When did SMS become the “other” mobile channel? Every year for the last decade, mobile has been heralded as “next year’s breakthrough marketing channel.” Now that it’s finally happening, it’s due to the rise in smart phones and their portable web and email capabilities, not SMS.
But just because the entire marketing industry hasn’t built a killer app out of SMS, doesn’t mean that you can’t use it to lift your communications efforts.
First, SMS stands for “short message service.” It’s text messaging. As with any marketing initiative, it’s important to start with the landscape to determine if this is a channel worth exploring. With mobile and SMS, the case is pretty clear:
- There are over 275 million mobile phones in use in the U.S. currently. That’s 9 phones for every 10 people.
- 4.1 trillion text messages were sent in 2008. The number was probably so much higher in 2009 that they’re still counting them all.
- According to eMarketer, there were 21.9 million U.S. mobile social network users. In 2013 it will be 56.2 million.
- Silicon Alley Insider reports that already over half the smart phone mobile web page views are to social networking sites.
The key takeaways here are that your email subscribers have mobile phones, texting is a preferred means of mobile communication, and mobile users are deeply engaged with the same content through their phones that they’re engaged with at their computers. The mobile ground is fertile for marketers seeking to extend their engagement with subscribers beyond the desktop.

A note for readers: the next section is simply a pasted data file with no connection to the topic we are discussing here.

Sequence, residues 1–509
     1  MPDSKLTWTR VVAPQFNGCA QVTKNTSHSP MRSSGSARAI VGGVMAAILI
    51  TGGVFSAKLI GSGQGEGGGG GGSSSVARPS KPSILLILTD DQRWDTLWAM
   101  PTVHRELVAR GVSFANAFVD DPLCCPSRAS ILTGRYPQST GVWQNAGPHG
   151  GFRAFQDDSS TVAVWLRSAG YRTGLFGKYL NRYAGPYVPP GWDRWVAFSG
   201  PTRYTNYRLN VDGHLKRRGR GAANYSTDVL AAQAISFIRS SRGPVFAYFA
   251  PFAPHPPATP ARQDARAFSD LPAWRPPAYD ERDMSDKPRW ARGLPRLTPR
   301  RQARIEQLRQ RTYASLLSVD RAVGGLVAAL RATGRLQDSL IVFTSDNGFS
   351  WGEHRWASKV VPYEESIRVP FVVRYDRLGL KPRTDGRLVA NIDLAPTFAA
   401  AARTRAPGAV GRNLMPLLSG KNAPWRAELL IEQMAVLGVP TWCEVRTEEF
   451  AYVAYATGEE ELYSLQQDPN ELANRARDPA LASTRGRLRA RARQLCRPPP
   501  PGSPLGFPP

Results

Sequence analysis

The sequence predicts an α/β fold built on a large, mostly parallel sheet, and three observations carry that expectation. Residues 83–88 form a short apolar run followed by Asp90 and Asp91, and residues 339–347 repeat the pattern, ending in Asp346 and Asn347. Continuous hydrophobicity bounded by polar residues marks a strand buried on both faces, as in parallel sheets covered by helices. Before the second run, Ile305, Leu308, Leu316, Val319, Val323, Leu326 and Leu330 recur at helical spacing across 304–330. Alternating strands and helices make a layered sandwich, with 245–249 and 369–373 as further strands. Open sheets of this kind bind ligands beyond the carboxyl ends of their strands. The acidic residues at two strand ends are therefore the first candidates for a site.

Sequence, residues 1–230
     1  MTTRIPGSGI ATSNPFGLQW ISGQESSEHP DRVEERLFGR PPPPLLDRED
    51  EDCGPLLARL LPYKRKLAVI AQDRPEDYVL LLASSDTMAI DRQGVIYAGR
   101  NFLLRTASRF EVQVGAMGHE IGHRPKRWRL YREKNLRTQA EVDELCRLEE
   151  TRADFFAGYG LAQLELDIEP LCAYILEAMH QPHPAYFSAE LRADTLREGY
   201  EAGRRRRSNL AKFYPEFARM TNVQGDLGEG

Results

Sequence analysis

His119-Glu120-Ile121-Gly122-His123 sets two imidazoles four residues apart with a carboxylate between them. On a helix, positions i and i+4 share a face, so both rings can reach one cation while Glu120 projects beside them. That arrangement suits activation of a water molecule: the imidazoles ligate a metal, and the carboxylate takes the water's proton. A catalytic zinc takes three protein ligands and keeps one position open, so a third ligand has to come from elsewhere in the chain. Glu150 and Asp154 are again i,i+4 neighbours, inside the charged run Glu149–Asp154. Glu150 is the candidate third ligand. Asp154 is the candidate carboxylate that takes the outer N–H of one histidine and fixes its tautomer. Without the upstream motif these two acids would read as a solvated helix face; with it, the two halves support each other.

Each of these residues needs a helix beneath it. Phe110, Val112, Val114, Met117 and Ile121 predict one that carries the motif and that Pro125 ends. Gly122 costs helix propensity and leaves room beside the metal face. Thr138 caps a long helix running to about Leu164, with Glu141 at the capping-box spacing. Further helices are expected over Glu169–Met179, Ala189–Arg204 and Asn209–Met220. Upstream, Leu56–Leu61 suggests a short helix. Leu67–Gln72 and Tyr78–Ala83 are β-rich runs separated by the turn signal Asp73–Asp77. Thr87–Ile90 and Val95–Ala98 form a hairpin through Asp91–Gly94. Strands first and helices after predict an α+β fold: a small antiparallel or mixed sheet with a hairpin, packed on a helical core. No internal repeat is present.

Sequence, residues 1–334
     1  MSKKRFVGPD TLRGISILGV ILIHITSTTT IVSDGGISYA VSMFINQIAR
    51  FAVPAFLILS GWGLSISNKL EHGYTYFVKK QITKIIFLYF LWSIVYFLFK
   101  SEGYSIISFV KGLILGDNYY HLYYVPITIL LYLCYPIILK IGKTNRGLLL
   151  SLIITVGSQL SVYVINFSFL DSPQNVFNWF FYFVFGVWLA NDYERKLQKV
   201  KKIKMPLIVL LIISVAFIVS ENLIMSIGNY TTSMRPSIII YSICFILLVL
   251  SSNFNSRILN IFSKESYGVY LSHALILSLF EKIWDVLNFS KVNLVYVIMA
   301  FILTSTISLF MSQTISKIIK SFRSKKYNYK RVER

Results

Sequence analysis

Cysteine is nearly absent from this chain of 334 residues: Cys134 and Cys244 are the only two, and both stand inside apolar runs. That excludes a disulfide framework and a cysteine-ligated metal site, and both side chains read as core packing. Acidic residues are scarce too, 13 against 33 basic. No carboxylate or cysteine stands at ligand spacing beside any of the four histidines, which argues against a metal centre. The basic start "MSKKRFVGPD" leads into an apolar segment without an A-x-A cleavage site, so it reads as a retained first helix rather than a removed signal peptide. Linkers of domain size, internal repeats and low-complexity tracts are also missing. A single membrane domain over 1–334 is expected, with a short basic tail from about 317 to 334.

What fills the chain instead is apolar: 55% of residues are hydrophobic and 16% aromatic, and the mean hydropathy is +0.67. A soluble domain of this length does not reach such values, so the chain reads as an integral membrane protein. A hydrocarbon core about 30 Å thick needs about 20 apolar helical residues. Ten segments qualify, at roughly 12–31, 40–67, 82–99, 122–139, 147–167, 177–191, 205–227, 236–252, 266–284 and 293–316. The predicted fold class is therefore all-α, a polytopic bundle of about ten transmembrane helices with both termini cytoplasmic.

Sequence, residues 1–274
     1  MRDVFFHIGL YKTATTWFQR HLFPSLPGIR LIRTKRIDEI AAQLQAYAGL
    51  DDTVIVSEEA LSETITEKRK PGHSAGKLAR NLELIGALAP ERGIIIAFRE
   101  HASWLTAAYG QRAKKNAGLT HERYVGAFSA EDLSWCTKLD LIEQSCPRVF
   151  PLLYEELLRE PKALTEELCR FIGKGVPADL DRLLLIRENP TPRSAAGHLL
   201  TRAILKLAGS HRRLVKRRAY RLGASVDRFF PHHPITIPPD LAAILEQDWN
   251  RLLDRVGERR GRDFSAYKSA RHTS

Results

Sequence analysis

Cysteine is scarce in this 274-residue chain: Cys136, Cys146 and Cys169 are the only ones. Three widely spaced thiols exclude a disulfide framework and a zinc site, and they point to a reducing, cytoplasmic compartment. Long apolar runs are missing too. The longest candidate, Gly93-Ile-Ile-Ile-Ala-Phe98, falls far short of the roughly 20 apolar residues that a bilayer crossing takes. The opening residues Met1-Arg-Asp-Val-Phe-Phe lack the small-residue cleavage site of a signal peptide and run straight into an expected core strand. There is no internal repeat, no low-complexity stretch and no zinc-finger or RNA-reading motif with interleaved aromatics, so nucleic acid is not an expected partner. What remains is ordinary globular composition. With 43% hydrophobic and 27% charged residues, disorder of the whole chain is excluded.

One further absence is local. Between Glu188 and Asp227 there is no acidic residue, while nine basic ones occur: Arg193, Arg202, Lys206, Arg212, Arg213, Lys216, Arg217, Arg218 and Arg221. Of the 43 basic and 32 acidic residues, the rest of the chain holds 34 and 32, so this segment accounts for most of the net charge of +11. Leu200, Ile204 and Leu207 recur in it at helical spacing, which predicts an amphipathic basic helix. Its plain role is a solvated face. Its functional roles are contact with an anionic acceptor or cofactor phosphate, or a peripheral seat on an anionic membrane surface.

Like every channel, SMS has its rules and nuances. And like most channels worth exploring, those rules are established by the subscribers, not by you. Obviously, you can’t just text your subscribers, even if you have their mobile numbers. But with Real Magnet you can make it easy for them to sign up to receive the messages of their choice via SMS (all the more reason to build that Preferences Center). MagnetMail may look like an email delivery platform, but it’s actually more channel agnostic than that. If your subscribers are willing, they can receive the same messages you send by email via SMS, fax or RSS. With almost no incremental effort to send, you could be recognizing sizable lifts in ROI.
As you evaluate how to integrate new channels into the marketing mix, it’s probably worth remembering that our objective as marketers isn’t to send email. It’s to inform, educate, announce and communicate. Until I see a link that says, “click here to have this content beamed directly into your cerebral cortex” I’ll stand by the claim that email remains the most effective channel for meeting our objectives. But it’s not the only channel, and if we can get the same messages into the hands (and cerebral cortexes) of the people who want to see them, why shouldn’t we?